INTM342560 - DT applications and claims - Types of income: Royalties
If you have a claim from the originator of the work (for example an individual) then you can normally assume that the claimant is the beneficial owner and you can allow relief. When you have a claim for copyright royalties if there is evidence to suggest that the claimant is not the originator of the work you need to check that the originator has assigned the rights to the claimant.
If the claimant does not satisfy the conditions for relief under the Double Taxation Agreement (DTA) or the royalties article of the DTA does not give full relief you should consider relief on Professional Author basis (see INTM342590).
You will sometimes find that the claimant is not the originator of the work and you will need to ask to see a copy of the Deed of Assignment - see below. This often happens where
- The rights to book royalties may be willed to a beneficiary.
- The rights to music and songs are assigned to a company. If several titles are claimed - a "catalogue of works" you should ask if there is a standard form of contract rather than asking for separate deeds of assignment.
- Payments for plays and musicals may be owned by a company or by the estate of the original composer see INTM342550.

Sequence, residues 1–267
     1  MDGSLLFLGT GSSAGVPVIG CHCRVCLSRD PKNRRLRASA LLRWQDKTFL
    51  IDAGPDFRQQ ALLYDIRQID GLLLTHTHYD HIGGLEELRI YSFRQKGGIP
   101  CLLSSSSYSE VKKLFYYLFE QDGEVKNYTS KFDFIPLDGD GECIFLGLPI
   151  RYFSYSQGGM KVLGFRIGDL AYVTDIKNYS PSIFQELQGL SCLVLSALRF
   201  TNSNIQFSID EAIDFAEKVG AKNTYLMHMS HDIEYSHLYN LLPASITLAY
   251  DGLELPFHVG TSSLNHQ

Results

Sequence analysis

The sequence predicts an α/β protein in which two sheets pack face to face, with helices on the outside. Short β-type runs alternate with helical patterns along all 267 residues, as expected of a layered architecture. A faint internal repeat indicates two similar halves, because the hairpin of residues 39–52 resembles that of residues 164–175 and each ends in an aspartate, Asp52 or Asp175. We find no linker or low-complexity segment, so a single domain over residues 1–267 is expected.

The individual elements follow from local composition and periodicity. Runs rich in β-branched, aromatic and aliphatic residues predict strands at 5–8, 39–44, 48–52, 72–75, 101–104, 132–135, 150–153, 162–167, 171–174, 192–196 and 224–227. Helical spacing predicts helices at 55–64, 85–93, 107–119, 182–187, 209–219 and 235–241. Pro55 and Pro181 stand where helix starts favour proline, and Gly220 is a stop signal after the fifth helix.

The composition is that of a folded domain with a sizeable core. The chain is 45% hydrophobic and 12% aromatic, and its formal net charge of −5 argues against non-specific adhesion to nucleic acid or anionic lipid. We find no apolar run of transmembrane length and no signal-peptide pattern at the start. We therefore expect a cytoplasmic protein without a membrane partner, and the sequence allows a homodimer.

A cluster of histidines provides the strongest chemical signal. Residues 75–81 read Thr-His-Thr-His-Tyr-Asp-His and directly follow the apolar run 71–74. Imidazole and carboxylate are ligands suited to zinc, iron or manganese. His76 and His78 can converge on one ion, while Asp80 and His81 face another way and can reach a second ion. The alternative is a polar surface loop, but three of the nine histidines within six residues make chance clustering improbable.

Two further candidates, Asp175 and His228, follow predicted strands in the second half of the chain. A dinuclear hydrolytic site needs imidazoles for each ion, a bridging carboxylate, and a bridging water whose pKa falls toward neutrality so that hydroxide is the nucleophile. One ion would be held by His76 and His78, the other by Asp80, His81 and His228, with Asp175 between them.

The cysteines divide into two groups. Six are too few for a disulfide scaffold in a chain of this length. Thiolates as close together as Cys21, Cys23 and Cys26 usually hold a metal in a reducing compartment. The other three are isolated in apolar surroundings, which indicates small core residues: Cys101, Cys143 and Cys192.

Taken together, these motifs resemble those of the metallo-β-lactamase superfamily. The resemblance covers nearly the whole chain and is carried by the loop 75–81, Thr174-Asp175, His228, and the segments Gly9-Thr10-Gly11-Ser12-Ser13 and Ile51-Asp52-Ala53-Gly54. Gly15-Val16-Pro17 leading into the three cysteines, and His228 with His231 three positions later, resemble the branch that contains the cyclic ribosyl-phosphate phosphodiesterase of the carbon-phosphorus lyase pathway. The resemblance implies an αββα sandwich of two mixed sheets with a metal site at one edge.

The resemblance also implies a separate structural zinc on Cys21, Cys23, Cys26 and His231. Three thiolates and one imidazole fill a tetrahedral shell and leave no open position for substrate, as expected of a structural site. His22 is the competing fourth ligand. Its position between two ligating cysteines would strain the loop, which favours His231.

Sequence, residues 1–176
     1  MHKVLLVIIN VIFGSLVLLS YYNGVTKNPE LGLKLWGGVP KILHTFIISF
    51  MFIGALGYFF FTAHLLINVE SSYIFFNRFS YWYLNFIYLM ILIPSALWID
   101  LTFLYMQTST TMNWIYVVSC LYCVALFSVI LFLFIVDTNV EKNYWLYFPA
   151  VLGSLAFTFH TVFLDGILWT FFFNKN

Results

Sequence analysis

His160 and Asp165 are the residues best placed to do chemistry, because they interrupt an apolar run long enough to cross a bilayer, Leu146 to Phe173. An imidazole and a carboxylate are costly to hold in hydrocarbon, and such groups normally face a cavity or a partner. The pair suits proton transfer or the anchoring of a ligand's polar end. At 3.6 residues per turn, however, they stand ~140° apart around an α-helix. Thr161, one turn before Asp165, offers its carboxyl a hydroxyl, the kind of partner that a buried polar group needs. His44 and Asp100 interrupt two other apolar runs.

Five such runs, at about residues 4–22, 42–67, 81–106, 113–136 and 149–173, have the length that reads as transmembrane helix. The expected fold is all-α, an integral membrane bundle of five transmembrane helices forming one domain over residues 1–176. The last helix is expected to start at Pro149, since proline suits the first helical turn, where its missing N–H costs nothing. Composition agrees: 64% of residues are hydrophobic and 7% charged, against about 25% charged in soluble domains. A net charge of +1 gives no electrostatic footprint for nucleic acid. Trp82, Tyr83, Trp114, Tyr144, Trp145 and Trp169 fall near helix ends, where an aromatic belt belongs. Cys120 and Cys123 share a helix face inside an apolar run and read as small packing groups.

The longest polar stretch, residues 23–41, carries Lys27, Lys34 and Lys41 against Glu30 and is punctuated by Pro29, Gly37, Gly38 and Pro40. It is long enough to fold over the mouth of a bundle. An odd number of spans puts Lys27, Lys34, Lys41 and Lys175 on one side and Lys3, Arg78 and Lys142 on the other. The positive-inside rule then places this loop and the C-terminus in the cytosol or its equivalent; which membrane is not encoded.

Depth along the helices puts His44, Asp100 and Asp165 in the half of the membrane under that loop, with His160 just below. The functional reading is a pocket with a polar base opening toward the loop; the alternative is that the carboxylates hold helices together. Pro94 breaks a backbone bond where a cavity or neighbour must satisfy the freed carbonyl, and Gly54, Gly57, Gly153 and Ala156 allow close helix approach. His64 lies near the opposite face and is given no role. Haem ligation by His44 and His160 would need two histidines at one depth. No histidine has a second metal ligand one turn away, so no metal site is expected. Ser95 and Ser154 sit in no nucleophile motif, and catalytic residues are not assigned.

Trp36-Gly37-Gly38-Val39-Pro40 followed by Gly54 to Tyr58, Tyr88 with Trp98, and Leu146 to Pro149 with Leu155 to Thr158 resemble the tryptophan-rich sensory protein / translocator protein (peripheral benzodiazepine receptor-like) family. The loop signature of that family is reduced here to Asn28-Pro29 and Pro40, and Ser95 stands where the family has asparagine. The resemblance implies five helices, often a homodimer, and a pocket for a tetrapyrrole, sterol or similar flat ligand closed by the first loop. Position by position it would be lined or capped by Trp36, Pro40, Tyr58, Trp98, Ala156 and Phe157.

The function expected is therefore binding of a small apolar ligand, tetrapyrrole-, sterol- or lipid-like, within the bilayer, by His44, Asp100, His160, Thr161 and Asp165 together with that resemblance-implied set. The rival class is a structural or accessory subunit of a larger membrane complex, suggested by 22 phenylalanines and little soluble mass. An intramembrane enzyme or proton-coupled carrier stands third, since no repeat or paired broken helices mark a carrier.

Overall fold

- Royalty claims from an estate or trust.
When the claimant is not the originator of the work you generally need to call for a copy of the document which shows that the originator assigned the rights to the claimant.
Deed of Assignment
In any case where you suspect that the claimant is not the originator of the work that is the subject of the claim you should ask to see the Deed of Assignment under the terms of which the claimant acquired the rights that are the subject of the claim or application. Our DT claim forms ask for this information to be provided. If an older version of a claim form is used you will need to write and ask for the information. You should bear in mind that an enquiry under the self assessment rules may be required.
When you receive the deed of assignment of the royalties you need to watch out for cases where the claimant company is merely acting as an Agent for another company or the individual creator of the work. You will have to refuse the claim and invite claims from the beneficial owners.
Where the person in the UK who is paying the royalties is in some way connected to the recipient of the royalties - perhaps because one company owns the other or they have a common owner it is possible that the rate at which royalties are paid may not be at a commercial rate "arms length". This is because there is a Special Relationship between the two parties to the contract.
Many double taxation agreements include provisions that deny or restrict relief where the amount of a royalty is influenced by a special relationship between the parties to the contract. In any case where you suspect that there may be a special relationship you should ask the Inspector of Taxes who is responsible for the UK payer of the royalties for a report on form 4450/2FD.